Commercial engineering x-ray machines are manufactured that can evaluate the structural integrity of many metals. It's possible that one could be used to further examine what is going on under the surface.

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They should have re painted the beam or any parts where they removed galvanized painting along with the welds on the beam. All steel beams come galvanized painted to prevent rust from forming... To solve this problem I would recommend doing a good cleaning to remove all the rust and oxidation to the best of your ability, then go to your local home improvement store and buy industrial galvanized paint and paint all the parts where the rust has formed to prevent it in the future... -Metallurgist and Welder

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Totally cosmetic, has not, will not weaken because of future rust. The only corrosion in the home is caused by water when mopping the floor and splashing the bare steel. The uniform grey color of the steel beam indicates it has a zinc rich primer. Mill scale would be nearly black and not as uniform in color. When the weld was made it burned off the zinc adjacent to the weld (routine) ; This is supported by the nearby white or lite grey areas which are basically zinc oxide from the burned coating. The weld itself and most of the HAZ ( heat affected zone) were bare steel and began rusting the first time they were damp or wet. The two vertical edges of the beam have been damaged enough to remove the zinc rich paint and are also rusting. If you want it to look good , wire brush to remove rust , treat with Naval Jelly ( phosphate conversion coating) and paint. ( Apologies to @ JACK). You could improve appearance a bit more by using a grinder to clean-up the battered vertical edges of the beam before treating and painting.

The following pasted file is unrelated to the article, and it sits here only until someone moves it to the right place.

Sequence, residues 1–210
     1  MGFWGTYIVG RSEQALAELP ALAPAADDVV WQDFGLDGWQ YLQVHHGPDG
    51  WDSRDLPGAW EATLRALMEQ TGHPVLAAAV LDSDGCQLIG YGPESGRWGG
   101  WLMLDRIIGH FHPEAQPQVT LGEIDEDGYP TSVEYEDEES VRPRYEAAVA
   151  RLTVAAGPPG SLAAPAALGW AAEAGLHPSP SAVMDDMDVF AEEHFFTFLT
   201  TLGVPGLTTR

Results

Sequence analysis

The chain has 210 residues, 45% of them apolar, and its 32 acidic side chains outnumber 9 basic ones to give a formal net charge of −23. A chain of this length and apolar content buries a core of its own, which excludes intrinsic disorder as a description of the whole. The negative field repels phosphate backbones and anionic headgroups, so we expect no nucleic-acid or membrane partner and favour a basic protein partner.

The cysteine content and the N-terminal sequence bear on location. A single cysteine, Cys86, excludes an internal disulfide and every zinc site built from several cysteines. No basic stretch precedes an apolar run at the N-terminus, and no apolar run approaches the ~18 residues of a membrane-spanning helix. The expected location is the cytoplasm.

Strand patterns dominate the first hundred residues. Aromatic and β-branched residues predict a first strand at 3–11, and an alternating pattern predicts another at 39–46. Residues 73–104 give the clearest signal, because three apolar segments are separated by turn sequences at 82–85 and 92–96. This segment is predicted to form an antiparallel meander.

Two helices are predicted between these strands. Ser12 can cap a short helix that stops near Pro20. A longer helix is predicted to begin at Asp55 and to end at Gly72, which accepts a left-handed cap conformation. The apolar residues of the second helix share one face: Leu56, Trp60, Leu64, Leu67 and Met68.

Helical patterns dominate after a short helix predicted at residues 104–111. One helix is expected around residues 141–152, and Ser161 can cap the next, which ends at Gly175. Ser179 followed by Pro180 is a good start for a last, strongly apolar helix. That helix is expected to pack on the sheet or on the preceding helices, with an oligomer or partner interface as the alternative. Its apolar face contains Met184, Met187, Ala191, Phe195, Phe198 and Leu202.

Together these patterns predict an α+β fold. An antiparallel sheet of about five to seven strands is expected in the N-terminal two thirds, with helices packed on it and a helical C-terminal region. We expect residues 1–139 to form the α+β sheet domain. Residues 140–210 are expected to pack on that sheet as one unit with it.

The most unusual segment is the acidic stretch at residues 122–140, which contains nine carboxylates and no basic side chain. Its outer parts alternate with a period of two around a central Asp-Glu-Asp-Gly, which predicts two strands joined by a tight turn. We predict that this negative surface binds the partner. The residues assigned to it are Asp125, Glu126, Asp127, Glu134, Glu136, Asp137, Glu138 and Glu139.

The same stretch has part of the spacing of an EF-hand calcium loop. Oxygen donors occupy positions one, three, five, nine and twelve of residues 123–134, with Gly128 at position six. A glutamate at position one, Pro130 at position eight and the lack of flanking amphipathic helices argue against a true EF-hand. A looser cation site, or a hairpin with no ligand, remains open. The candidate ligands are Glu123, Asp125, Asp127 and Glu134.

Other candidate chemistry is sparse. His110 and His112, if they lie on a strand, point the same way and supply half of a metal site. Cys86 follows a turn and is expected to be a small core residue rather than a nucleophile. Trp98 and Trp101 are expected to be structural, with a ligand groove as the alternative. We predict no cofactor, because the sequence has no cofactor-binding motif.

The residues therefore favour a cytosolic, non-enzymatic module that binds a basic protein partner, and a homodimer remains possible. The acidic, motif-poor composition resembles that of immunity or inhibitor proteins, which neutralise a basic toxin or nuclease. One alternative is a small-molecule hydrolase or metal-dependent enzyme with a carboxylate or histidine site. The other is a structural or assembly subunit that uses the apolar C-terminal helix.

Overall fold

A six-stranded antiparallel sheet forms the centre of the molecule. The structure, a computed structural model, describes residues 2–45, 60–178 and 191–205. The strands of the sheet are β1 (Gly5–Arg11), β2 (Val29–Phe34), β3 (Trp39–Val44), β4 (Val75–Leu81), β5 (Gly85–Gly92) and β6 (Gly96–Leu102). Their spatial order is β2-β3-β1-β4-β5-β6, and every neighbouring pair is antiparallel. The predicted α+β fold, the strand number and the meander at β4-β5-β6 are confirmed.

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  • typo? ... navel
    – jsotola
    Sep 26 at 22:19
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The rust that is on the photo looks mild and repairable.

The worse problem is the possibility of rust forming on the underside of the base plate.

You can't repair the underside without removing the beam. You don't even know how much rust is in there (and how much metal is left).

On the other hand, you may want to find the source of the moisture that enables the corrosion in the first place. Are bleach-like chemicals used for cleaning around?

The moisture can promote a diversity of other problems as well.


The deformation bulges on the flanges are quite probably an artifact of the install procedure (the beam being hammered into its intended place) and not much of a concern.

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The base plate appears to be grouted in, this is fine this will keep out water and oxygen from underneath, Don't worry about this. Your aim is keep it sealed. It shouldn't corrode.
The welds themselves are fine, corrosion appears mild and surface only. The bulges on the steel are from impact damage, as most have pointed out

If you want to improve this, find a local welder to dress the beam back to shape, and clean up the weld. Reason I'm suggesting you get a welder to do this is they'll have the right tools (grinder,pencil grinders to get in corners) for all of this should not take them longer than an hour including cleaning up, forget all the structural engineers nonsense. It's a simple job, and the results they give you will certainly be worth it as it's prominent.

Paint wise, clean with methylated spirit , Paint the weld with a brush and use a roller for the rest, you'll get a decent finish. 2 coats of primer, let that cure, you may need to sand it to flatten out uneven spots. Prime again if needed then 2x coats top coat.should look a lot better. "Johnstones" trade centre will colour match anything and is quality paint without stupid price tags.